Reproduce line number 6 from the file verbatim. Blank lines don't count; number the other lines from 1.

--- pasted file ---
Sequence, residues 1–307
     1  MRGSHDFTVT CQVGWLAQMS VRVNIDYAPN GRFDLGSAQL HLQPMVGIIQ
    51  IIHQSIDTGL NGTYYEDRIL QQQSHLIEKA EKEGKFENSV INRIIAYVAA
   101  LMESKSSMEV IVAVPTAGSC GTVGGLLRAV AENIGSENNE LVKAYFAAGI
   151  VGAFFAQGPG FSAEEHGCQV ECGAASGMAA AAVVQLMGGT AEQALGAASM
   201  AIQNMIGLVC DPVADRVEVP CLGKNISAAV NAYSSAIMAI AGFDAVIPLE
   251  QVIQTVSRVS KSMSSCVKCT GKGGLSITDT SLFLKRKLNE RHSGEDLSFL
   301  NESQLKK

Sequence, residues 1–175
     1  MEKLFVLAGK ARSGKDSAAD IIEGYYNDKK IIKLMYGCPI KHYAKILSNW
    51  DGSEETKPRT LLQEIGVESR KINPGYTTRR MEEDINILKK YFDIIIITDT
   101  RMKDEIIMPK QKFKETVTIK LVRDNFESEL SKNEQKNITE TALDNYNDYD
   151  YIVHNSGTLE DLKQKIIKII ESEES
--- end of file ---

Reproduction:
   201  AIQNMIGLVC DPVADRVEVP CLGKNISAAV NAYSSAIMAI AGFDAVIPLE